The data industry, like every other, needs diversity. The best insights and answers will come about as a result of many different people suggesting solutions. So said several data scientists who are new to the sector. But what are the benefits of diversity and what can be done to bring people from a variety of backgrounds into the industry?
The data industry, like every other, needs diversity. The best insights and answers will come about as a result of many different people working on problems and suggesting solutions. So said several data scientists who are new to the sector. Furthermore, machines aren’t clever. They only know as much as we teach them. The set of data that a machine learns from needs to be contextualised to explain and counter biases that inevitably surface. According to Mike Bugembe, chief analytics officer at social giving platform Just Giving, who has worked in analytics and insight for over a decade, it is best if various types of people are doing that contextualising.
He explained that machine learning, in its rawest sense, is learning from history. Historical data, which is called training data, teaches a machine what to do. However, because training data is imperfect, this results in a large number of flaws and biases in the algorithm. He said that an example of this is criminal profiling. Allegedly biased software used in the judicial system in the US was found often to erroneously predict black defendants would reoffend while frequently incorrectly forecasting that white defendants would not. Bugembe said that domain knowledge – the data term for contextual background information - is essential to counteract these biases. In the example of judicial software, domain knowledge would have recognised that injustice had taken place that caused the training data to skew the results.
"Domain knowledge in diversity is where you really get the sweet spot."
“Domain knowledge in one type of person doesn’t work. Domain knowledge in diversity is where you really get the sweet spot,” said Bugembe. He gave an example from his own workplace, when he and his team asked the machine if there was a correlation between the images fundraisers used on their pages and the amount of money they raised. It found that pages with an image of a bicycle tended to raise more than others. “The thing is, if you advised everyone to put a bicycle on their page, it doesn’t mean they will raise the same amount,” he warned.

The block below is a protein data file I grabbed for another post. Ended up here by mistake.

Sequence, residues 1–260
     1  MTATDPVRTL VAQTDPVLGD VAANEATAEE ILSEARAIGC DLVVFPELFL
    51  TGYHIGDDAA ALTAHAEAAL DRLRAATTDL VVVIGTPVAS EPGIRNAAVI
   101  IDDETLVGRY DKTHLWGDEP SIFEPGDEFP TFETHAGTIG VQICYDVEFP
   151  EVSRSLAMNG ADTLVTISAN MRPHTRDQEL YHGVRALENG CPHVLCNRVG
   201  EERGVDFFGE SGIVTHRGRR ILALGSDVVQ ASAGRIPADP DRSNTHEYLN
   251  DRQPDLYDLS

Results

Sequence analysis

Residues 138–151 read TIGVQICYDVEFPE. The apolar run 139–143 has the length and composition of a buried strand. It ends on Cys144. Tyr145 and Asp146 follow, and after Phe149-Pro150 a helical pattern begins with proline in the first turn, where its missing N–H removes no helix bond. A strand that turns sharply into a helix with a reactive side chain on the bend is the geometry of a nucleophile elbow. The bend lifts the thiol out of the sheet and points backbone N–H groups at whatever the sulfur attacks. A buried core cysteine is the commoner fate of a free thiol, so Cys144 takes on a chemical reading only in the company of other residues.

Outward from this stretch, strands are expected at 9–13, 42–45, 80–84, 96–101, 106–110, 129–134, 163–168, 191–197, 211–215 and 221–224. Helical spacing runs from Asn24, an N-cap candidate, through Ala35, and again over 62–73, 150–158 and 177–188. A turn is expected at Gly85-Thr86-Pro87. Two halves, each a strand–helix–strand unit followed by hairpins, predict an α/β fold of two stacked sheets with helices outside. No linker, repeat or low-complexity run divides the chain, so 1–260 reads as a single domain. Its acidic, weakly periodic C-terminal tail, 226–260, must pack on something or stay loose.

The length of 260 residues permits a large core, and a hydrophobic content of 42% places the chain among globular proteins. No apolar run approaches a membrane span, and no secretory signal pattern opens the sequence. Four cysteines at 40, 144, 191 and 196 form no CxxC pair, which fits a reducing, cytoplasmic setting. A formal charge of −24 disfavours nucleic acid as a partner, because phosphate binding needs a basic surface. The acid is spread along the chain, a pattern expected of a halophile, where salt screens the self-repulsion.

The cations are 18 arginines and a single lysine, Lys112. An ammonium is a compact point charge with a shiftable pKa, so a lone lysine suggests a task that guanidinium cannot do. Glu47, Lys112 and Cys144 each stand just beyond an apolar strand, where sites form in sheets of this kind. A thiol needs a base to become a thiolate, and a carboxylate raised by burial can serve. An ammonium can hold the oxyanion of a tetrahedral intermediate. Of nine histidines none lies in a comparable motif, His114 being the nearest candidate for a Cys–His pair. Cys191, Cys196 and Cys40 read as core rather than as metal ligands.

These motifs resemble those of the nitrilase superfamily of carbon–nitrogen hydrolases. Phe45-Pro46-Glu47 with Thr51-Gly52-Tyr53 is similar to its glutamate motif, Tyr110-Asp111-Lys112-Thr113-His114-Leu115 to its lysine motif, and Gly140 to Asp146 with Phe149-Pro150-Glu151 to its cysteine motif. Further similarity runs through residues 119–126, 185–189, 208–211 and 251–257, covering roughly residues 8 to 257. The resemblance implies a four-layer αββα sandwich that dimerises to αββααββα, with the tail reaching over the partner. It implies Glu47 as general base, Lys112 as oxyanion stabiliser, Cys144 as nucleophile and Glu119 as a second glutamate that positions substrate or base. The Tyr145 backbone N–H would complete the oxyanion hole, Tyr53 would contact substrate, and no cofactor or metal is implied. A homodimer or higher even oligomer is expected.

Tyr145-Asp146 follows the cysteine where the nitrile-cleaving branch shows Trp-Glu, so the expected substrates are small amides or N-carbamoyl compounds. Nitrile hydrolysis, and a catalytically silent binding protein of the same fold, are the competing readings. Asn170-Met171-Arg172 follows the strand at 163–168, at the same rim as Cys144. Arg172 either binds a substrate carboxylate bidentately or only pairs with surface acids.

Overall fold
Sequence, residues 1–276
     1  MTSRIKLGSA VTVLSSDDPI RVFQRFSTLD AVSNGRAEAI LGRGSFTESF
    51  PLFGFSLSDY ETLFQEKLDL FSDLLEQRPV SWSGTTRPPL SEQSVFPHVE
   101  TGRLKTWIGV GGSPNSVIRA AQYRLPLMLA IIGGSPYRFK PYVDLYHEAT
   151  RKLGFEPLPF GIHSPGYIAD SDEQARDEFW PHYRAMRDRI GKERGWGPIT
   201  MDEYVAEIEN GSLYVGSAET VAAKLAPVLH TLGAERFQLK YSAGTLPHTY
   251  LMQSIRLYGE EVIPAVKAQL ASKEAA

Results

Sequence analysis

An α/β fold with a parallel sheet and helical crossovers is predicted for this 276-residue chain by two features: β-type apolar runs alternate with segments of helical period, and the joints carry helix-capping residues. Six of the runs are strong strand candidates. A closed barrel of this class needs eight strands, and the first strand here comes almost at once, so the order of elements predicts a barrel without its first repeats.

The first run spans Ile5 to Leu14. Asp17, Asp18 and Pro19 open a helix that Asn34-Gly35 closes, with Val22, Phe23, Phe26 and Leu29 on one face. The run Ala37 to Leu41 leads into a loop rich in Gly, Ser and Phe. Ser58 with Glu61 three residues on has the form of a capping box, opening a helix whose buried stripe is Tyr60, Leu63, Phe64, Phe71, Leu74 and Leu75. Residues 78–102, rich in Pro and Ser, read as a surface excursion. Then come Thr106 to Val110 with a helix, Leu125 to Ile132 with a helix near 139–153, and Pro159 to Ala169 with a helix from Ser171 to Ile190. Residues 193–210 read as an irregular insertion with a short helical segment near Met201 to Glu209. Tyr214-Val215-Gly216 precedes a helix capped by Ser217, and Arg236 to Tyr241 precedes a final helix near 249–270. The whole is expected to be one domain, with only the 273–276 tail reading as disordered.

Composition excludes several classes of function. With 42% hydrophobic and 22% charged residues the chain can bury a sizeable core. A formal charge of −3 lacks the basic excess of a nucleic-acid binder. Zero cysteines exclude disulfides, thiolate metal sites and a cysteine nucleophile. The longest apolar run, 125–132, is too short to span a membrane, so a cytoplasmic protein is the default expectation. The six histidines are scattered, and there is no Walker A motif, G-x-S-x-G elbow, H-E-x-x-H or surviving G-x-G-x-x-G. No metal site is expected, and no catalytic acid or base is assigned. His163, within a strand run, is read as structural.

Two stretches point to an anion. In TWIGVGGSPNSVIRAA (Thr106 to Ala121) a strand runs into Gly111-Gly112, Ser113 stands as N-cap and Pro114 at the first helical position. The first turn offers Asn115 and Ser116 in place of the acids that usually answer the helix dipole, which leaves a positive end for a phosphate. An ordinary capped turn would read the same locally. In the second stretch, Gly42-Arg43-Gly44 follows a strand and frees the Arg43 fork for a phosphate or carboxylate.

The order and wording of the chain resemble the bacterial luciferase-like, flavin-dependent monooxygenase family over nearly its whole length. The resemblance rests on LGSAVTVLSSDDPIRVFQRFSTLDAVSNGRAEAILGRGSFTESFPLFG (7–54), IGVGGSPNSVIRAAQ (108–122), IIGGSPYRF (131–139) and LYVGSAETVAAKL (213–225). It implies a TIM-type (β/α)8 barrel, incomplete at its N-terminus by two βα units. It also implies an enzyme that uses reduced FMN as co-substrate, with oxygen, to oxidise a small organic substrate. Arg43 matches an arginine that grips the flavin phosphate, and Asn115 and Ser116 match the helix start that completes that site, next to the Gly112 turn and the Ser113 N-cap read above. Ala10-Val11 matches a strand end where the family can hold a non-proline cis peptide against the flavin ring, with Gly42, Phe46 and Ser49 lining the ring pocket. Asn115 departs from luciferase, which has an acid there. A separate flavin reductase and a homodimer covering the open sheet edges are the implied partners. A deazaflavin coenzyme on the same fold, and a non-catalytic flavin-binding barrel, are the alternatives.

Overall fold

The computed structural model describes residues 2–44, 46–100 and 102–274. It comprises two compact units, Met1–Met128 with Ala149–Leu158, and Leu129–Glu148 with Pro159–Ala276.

Bugembe explained that domain knowledge is necessary to explain this result. The reason is that cyclists tend to raise more than most other people because of the socio-economic demographic of cyclists. Most cyclists who fundraise are men over 50 with a wealthy network. Therefore, thanks to domain knowledge, when they are training the algorithm, the Just Giving team can control for event type as they know that cyclists will skew the distribution of the data.
According to several new entrants to the industry, another issue with the sector is that a lack of diversity essentially leads to a smaller variety of solutions to problems and a narrow view of the ways those problems can be solved. For Darshna Shah, a junior data scientist at Elastacloud, different people bring distinct ideas based on their experiences. According to her, if just one type of person is doing data they would probably have a similar approach to how they tackle problems. Therefore, you’re likely to get a finite set of solutions rather than the broad scope you could potentially get if you have a diverse set of people together.
Jonathan Brooks-Bartlett, a data scientist at News UK, echoed that sentiment by saying if you have just one type of person working on something, they will have the same perspective and they won’t be challenged on their beliefs, their thoughts or the way they approach problems. He added that this is true for many areas, not just data science. He said that he benefits from communicating almost daily with the other half of his team which is based in Bangalore, India. He said: “Some of the ways that they approach problems differ. When I start a project, I like being able to talk to them and say: ‘These are the issues and this is how I’m going to approach it’. They quite often respond: ‘I think it might be cool if you do it this way.’ That’s the most useful thing - the perspectives from a diverse range of people,” he said.